Bub’s First Foods: An Introduction to Solids

Bub’s First Foods: An Introduction to Solids

When is my bub ready for solid foods? Where do I start? What foods should I avoid?

As you begin to think about introducing your bub to solid foods, it can get quite overwhelming. There is a lot of information out there, and it may be hard to digest. So, to help make the process a little easier, we have a simple guide for you about introducing solids to your little bub.

Is my bub ready for solids?

The Nutritional Health and Medical Research Council in Australia recommends that bubs should be introduced to solid foods between four to six months. This can vary depending on your bub, but signs of readiness include:

  • Being able to sit unsupported and hold up their head
  • Declining tongue thrust reflex (the reflex that pushes food out of their mouths)
  • Your bub is generally hungrier and fussier
  • Increase interest in the food around them

How do I prepare solids for my bub?

All bubs develop at different stages – some cruise through and others can take a while longer, but that’s not a problem. Each age stage means a different way you should prepare solids for your bubs as they learn to become more independent and confident with eating.

4 – 6 months: Purees

Smooth food is the way to go! Your bub has known nothing but liquid until this stage and it will take time for them to get used to it.

You should aim for nutrient dense purees and iron rich foods, and pureed fruit, steamed veggies and meat are all up for grabs. These are the perfect carriers for foods such as egg yolks. 

Start with 1 – 2 tablespoons and build up the quantity according to how your bub feels! 

7 – 8 months: Lumpy food

Once your bub has gotten used to your beautifully crafted purees, its time to mix it up with lumpier foods. Introducing your bub to lumpy food helps them practice their jaw and chewing movement. They don’t need their teeth yet for this.

There is no longer need to puree the food, but rather mash the meals with a fork. Chuck in some mashed up fresh veggies, scrambled eggs and even some minced or shredded meat. This adds more texture for your bub to explore.

9 – 12 months: Finger foods and family foods

This is when you begin to transition your bub away from smoother foods to more textured and finger foods, and let them join you for meals.

By this age, bubs will learn to pick up food and feed themselves, as well as further develop parts of their mouth that will help them prepare for the speech that’s about to come.

Small pieces of soft fruits or cooked veggies are great, sticks of toast as well if they’re up for it! If you’re having pasta for dinner, let your bub enjoy small pieces so that they feel they are involved!

Which solids should my bub try?

Thinking of new solids for your bub to try can get tricky and you may think you’ve run out of ideas. But don’t worry, we’ve got your back.

An easy way to introduce new foods to your bub is with our Razbaby Fresh Food Feeder!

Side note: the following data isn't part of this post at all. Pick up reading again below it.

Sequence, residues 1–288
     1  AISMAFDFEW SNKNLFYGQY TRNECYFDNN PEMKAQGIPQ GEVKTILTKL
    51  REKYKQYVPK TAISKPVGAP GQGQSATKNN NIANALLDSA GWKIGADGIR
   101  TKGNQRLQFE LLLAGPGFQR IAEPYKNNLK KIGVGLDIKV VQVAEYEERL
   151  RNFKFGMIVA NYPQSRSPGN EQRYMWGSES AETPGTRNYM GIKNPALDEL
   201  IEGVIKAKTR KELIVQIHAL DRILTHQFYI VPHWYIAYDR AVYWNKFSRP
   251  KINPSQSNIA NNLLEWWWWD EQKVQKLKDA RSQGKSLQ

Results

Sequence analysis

Here are 100 different choices of solids for you to choose from:

1.             Pumpkin

2.            Apple

3.            Pear

4.           Banana

5.            Blueberries

6.            Cucumber

7.            Avocado

8.            Mango

9.            Apricot

10.         Peach

11.          Raspberries

12.         Kiwifruit

13.         Watermelon

14.        Cherries

15.         Oranges

16.         Papaya

17.         Plums

18.         Prunes

19.         Grapefruit

20.       Cranberries

21.         Coconut

22.       Figs

23.       Sultanas

24.       Grapes

25.       Rock melon

 

26.       Nectarine

27.        Strawberries

28.       Mandarin

29.       Blackberries

30.       Spinach

31.         Taro

32.       Zucchini

33.       Cauliflower

34.       Brussels sprouts

35.       Eggplant

36.        Carrot

37.        Asparagus

38.       Beetroot

39.        Parsnips

40.       Lettuce

41.        Celery

42.       Leeks

43.       Squash

44.       Turnip

45.       Peas

46.       Corn

47.       Kale

48.       Tomato

49.       Mushrooms

50.       Capsicum

 

51.         Broccoli

52.       Mashed potato

53.       Sweet potato

54.       Green beans

55.       Peanut butter

56.       Vegemite

57.       Bread

58.       Cheese

59.       Pasta

60.       Ricotta

61.         Yoghurt

62.       Custard

63.        Hummus

64.       Chick peas

65.       Millet

66.        Brown rice

67.        Couscous

68.       Weetbix

69.        Beans

70.       Rice

71.         Tortillas

72.        Polenta

73.        Cream cheese

74.       Tofu

75.       Cottage cheese

 

76.        Porridge

77.        Quinoa

78.       Mozzarella

79.        Black beans

80.       Edamame

81.         Chia pudding

82.       Soup

83.       Tempeh

84.       Kidney beans

85.       Gnocchi

86.       Pancake

87.       Pita bread

88.       Jelly

89.       Ricotta

90.       Chicken

91.         White fish

92.       Mince

93.        Salmon

94.       Lamb

95.       Sardines

96.        Turkey

97.        Pork

98.       Tuna

99.        Sliced beef

100.    Sausages

 

What should I avoid?

For health and safety reasons, it is recommended to steer clear of certain foods in the first 12 months of your bub’s life. This includes:

  • Honey
  • Salt
  • Undercooked eggs
  • Cow’s milk as the main source of milk
  • Seafood with high mercury
  • Raw fish

 


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